SERE Airmen help prevent flooding

  • Published
  • By Staff Sgt. Samantha Krolikowski
  • 92nd Air Refueling Wing Public Affairs
Over 25 Airmen from the 22nd Training Squadron and 66th Training Squadron, volunteered to help bag 45 tons of sand to help contain a water treatment area, May 19, 2018 in Cusick, Washington.

Survival, Evasion, Resistance and Escape Airmen rely on the local community to conduct their daily mission away from Fairchild Air Force Base, in the Kanisku National Forrest, so Airmen returned the favor to support Cusick in the their time of need, said Senior Master Sgt. Brent Knight, 22nd TRS field training superintendent.

“The survival school has a long standing familiarity with the area, as the remote command post is nearby,” said Chief Master Sergeant James Kysar, 22nd TRS superintendent. “Air Force personnel interface frequently with town members while transiting to and from the training area.”

Cusick, Washington is located near the Pend Oreille River, which is being affected by the rapid snow melt in the nearby mountains. Because of this, the United States Army Corps of Engineers and Washington Conservation Corps are supporting flood efforts by helping assess the highest risk areas in advance of an expected river rise.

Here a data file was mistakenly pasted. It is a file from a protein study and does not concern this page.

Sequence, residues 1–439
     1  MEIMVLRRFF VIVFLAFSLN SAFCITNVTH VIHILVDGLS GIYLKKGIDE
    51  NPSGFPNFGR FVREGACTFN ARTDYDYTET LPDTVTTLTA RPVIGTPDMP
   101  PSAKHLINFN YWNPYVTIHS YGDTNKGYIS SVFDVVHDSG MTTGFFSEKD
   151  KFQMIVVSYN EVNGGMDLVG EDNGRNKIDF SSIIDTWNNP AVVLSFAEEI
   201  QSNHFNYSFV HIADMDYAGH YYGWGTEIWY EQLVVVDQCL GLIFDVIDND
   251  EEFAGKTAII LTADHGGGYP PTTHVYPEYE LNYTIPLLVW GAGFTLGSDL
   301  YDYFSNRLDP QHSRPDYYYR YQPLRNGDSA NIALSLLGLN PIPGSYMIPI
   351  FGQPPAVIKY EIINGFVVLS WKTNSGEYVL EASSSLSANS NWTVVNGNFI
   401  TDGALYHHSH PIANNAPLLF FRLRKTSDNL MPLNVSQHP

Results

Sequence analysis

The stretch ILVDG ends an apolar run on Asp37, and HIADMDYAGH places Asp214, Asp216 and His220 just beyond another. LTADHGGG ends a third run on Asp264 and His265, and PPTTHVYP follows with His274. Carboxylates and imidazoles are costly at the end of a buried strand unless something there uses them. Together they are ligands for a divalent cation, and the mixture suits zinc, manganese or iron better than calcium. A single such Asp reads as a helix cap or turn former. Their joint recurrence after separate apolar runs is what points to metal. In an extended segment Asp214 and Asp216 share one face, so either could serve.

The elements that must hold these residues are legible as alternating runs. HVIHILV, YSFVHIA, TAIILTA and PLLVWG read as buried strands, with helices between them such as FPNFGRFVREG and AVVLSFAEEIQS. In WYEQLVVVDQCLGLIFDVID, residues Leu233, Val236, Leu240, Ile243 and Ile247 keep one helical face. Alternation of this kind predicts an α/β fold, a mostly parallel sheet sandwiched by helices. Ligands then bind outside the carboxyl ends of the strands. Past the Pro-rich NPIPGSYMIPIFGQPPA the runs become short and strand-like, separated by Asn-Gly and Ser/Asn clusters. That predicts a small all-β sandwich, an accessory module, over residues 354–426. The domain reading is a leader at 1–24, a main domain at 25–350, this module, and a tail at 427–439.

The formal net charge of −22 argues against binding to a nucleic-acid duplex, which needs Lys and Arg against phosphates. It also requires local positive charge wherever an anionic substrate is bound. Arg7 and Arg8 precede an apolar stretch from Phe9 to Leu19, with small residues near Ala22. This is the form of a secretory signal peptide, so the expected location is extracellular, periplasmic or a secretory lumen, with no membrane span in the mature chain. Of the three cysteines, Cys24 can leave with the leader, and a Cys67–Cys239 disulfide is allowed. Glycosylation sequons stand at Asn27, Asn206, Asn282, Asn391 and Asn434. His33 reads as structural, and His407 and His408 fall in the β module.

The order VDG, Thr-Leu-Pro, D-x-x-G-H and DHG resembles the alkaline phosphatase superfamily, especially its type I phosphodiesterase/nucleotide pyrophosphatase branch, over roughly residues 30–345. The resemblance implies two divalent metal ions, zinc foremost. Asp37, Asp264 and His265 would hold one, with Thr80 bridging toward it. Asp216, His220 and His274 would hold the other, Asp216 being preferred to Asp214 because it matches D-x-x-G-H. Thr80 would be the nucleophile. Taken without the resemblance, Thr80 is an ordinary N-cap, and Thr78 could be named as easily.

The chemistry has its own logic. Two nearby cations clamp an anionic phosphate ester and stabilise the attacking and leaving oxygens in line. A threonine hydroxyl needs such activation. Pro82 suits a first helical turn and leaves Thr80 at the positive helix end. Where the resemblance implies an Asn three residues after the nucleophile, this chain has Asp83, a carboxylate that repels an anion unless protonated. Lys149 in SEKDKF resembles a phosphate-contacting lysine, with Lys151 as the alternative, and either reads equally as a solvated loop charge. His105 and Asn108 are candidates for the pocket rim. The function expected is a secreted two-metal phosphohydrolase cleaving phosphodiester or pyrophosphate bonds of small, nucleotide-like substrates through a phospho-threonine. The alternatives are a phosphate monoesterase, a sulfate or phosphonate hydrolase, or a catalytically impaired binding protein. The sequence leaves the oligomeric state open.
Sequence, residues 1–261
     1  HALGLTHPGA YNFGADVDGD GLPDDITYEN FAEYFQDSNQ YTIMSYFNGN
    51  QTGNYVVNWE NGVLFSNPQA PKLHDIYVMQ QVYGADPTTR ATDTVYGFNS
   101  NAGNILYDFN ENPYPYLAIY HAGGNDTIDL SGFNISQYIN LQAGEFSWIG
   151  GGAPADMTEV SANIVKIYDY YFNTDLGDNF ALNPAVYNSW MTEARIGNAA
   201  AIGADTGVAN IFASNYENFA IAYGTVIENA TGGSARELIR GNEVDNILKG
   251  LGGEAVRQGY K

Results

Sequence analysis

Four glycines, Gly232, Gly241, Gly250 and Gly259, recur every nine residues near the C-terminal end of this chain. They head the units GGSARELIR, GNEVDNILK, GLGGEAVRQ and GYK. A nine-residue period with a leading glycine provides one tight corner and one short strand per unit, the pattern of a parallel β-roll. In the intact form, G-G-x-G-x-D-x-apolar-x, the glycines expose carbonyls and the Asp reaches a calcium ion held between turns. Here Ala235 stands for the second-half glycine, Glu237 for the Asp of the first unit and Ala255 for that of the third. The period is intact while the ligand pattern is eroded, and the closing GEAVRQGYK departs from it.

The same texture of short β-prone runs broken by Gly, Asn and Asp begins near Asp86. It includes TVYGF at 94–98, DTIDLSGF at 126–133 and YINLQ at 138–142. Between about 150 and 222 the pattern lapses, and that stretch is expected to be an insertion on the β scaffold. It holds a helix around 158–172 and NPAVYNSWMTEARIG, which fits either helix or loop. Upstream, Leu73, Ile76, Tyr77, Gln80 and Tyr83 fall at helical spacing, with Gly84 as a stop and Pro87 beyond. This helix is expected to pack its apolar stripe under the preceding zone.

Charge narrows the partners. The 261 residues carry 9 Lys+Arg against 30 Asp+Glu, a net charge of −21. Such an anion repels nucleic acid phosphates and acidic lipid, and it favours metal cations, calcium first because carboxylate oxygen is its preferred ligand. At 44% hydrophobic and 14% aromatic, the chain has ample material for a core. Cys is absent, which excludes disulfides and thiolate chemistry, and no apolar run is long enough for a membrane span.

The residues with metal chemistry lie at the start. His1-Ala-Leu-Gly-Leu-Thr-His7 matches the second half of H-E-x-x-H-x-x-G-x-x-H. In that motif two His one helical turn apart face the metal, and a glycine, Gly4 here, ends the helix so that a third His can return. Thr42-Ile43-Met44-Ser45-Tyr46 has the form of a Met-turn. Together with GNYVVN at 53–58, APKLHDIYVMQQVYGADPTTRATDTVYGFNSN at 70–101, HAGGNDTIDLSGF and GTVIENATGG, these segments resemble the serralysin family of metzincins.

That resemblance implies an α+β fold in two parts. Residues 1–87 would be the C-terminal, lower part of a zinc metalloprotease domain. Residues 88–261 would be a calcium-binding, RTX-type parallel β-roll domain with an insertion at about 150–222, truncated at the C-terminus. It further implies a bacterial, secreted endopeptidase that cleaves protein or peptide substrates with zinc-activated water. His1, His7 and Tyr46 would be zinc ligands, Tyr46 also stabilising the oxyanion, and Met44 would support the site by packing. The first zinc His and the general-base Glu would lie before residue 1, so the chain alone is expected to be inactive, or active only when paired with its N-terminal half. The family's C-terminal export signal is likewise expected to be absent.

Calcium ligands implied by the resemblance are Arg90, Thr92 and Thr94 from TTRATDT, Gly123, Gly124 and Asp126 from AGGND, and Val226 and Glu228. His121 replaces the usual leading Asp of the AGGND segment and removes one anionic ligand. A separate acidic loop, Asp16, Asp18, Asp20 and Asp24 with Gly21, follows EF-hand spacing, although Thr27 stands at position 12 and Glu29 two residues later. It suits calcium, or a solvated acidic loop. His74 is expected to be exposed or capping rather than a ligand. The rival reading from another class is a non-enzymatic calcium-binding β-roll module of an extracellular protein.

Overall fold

“The support we were able to provide did not go unnoticed or underappreciated,” said Staff Sgt. Jeremiah DeFratis, 22nd TRS SERE specialist. “Not only did we strengthen Fairchild’s community ties, but we promoted the well-rounded capabilities and nature of the United States Air Force.”

Airmen had no hesitations about helping the local community members who were in need of emergency assistance. Airmen volunteered over a 6-hour period to construct a 400 meter containment wall around the water treatment area.

“Helping communities in time of need is crucial to developing trusting relationships with the local population,” said Master Sgt. Adam Gates, 22TRS flight chief, Charlie flight.

“These Airmen dedicated their weekend to those folks in need of emergency assistance and appreciated the hospitality of the townsfolk throughout the effort,” Kysar said.